Tanjong Rhu (left), seen across the Kallang Basin today.

Tanjong Rhu translates from Malay into the Cape of Casuarina (Trees). Once described as a “curious ridge of sand which runs across from Katong to Kallang Bay”, its tip, known as “Sandy Point” has had a long association with the boat building and repair trade, having been an area designated for the trade by Sir Stamford Raffles as far back as 1822, with Captain Flint being the first to set a company to do that in the same year. By the 1850s, the trade was already well established around Sandy Point and the trade continued to thrive in the area even after the first graving dock was constructed in New Harbour (Keppel Harbour) in 1859. Over the years, among the business that found their way to Sandy Point were the well established names such as British boatbuilder J I Thornycroft which set up in 1923 and United Engineers. Thornycroft became Vosper Thornycroft in 1967 following the 1966 merger of the parent company with Vosper Limited in the UK. Vosper Thornycroft’s Singapore operations in turn merged with United Engineer’s in 1967. The yard unfortunately got into financial difficulties due to the mid 1980s recession and went into voluntary liquidation in early 1986.

The end of Tanjong Rhu was home to several shipyards including Vosper Thornycroft (seen here), the parent company of which is an established builder of Naval craft in the UK and Singapore Slipway (which became Keppel Singmarine), established as far back as 1887.

A slipway of a boatyard on the Geylang River

A well established organisation involved in shipbuilding still around that can trace its history to Sandy Point is the newbulding arm of Keppel Corporation, Keppel Singmarine. The subsidiary of what is now Keppel Offshore and Marine is a merger of Singmarine and Singapore Slipway. It was Singapore Slipway that had been established at Sandy Point in 1887 when a group of merchants bought William Heard and partner Campbell Heard and Co’s slipway which was set up earlier in the decade and formed the Slipway and Engineering Company. Keppel Singmarine’s yard operated at Tanjong Rhu until the early 1990s.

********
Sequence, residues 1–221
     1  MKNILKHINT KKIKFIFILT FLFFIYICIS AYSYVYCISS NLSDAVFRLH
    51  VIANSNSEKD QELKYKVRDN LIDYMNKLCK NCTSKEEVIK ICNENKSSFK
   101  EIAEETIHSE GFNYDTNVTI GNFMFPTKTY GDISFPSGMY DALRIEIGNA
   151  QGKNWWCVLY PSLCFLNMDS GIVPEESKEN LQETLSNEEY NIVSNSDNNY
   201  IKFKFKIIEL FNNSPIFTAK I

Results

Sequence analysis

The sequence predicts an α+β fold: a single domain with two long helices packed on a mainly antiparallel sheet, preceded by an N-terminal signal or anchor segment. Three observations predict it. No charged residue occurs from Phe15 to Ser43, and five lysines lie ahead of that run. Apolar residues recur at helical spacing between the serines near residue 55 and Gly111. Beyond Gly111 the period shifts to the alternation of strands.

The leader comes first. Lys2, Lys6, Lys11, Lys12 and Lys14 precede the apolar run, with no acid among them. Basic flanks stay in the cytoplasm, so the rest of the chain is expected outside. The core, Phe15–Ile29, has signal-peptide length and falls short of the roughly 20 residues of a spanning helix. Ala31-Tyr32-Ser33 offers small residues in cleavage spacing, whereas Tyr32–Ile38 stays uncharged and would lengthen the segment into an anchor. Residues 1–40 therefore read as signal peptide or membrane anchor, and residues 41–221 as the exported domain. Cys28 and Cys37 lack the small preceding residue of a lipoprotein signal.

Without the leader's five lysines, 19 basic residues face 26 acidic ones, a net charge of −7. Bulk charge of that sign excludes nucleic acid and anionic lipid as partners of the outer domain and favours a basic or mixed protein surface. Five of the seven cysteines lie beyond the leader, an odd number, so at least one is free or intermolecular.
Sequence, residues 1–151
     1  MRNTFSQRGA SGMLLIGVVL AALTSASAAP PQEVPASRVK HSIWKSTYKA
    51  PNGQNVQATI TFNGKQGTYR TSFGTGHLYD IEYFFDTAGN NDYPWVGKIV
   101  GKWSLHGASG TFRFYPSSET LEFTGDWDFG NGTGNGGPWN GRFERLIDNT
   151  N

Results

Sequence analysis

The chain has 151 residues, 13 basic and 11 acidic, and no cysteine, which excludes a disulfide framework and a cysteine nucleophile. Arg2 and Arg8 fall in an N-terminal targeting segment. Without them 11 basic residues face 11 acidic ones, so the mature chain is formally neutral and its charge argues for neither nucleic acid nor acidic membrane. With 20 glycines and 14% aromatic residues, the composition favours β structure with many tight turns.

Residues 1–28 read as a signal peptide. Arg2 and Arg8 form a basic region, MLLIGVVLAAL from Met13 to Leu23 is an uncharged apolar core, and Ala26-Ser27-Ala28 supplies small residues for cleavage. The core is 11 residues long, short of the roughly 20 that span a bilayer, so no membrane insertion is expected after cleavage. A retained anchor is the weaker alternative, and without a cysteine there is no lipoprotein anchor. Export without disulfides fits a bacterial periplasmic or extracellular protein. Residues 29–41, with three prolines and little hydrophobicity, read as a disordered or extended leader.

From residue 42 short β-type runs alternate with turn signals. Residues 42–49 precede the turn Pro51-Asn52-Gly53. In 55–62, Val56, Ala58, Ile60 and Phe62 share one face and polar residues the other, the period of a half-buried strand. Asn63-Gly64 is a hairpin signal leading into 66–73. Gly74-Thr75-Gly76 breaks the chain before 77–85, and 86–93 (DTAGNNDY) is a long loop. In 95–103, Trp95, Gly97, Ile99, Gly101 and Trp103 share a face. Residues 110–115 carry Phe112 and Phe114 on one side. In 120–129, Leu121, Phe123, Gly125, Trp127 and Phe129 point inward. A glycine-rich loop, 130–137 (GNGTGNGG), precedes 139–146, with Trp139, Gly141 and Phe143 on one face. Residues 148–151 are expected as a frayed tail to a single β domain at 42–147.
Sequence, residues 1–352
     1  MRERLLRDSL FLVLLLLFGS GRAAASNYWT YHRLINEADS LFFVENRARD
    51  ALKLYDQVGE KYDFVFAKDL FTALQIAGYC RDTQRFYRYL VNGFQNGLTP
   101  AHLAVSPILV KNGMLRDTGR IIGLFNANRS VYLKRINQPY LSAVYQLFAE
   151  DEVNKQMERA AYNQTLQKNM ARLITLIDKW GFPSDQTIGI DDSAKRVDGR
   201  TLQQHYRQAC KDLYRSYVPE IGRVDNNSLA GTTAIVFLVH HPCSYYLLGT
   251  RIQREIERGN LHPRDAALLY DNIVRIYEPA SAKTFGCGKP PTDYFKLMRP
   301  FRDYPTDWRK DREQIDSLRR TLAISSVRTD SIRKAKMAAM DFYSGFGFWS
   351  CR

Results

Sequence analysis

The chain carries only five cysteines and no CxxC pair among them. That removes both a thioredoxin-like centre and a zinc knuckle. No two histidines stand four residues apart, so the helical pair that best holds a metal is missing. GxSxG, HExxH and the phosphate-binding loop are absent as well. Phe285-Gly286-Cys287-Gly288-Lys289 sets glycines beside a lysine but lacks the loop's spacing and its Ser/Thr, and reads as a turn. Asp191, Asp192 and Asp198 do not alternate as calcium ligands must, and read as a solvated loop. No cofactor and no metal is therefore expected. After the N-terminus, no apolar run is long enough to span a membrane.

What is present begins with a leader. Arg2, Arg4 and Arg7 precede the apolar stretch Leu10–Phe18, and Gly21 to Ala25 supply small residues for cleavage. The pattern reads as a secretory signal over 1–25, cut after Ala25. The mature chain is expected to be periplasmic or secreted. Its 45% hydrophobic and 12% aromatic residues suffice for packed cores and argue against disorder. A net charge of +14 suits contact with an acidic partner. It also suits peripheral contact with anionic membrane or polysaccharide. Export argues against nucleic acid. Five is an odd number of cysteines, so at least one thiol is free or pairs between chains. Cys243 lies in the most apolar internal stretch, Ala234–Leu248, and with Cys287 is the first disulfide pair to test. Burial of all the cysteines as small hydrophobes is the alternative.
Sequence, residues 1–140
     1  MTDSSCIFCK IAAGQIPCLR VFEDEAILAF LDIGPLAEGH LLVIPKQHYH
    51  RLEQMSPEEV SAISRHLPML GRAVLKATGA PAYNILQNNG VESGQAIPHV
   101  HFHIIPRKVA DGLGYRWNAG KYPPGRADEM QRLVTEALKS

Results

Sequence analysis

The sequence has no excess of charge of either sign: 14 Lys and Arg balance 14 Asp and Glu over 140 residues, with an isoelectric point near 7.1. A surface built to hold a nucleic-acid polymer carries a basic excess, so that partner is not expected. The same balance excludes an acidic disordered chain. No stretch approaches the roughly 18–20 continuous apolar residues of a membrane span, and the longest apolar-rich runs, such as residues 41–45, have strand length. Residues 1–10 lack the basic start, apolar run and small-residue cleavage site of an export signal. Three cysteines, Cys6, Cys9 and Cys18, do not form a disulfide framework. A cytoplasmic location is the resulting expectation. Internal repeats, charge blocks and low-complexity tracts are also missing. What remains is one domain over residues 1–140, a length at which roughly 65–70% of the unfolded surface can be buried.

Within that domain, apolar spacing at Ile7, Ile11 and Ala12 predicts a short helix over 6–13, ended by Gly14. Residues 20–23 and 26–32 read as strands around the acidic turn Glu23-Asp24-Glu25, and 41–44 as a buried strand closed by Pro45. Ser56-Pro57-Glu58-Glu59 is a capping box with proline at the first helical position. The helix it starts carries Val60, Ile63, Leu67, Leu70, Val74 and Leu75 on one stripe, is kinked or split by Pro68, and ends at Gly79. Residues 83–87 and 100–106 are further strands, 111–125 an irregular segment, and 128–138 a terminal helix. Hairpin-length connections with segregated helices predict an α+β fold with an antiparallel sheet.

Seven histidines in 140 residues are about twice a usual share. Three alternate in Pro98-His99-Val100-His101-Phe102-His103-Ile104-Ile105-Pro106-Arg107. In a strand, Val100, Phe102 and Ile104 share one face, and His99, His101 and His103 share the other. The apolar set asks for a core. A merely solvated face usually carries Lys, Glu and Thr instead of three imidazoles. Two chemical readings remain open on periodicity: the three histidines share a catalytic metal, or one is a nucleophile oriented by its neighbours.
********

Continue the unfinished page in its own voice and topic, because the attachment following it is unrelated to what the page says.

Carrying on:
A boat littered Kallang Basin in 1973 at the time of the completion of the National Stadium (Singapore Sports Council Photo). Land reclamation along the Nicoll Highway promenade can be clearly seen.

Besides the shipyards, another area of Tanjong Rhu a short distance away from its tip that wasn’t very pretty was at the area known as Kampong Arang. That had been an area that was dominated by wooden jetties, used by charcoal traders to offload charcoal from tongkangs (wooden lighters) coming in from Indonesia and Thailand. The charcoal trade was established in the area in 1954 when charcoal traders were uprooted from the waterfront along the reclaimed land south of Beach Road to allow for the construction of Merdeka Bridge and the Nicoll Highway. The once thriving charcoal trade operated at Tanjong Rhu up until January 1987 when the trade was already in decline. At its height in the late 1950s, as many as 300 tongkangs plied between the two countries and Tanjong Rhu, falling to 60 by the time the 1970s had arrived when demand fell as many households had by then already switched to using gas and electric stoves. The traders were relocated to Lorong Halus (only 15 of the 40 that operated at Tanjong Rhu continued at Lorong Halus with demand mainly from the reexport of charcoal than from the local market) in early 1987 at the tail end of the decade long Kallang Basin cleanup efforts.

Another view of Kallang Basin and Tanjong Rhu today.

Beyond the cleanup efforts, the face of Tanjong Rhu has also been altered by the land reclamation south of the cape which has increased its land mass. The land reclamation, started in the early 1970s, was originally intended to allow for the construction of the East Coast Parkway and was further expanded to give the area now referred to as Marina East – at the tip of which the Marina Barrage now closes the channel between it and Marina South which has turned Marina Bay and the Kallang Basin into a huge reserve of a much needed resource, fresh water. The shifting out of the trades from the area were complete by the time the mid 1990s had arrived and allowed much of the northern waterfront area of Tanjong Rhu to be developed into a residential area and the basin into a recreational area that it is today.

[see also: Where slipways once lined the muddy banks of the Geylang River: Jalan Benaan Kapal]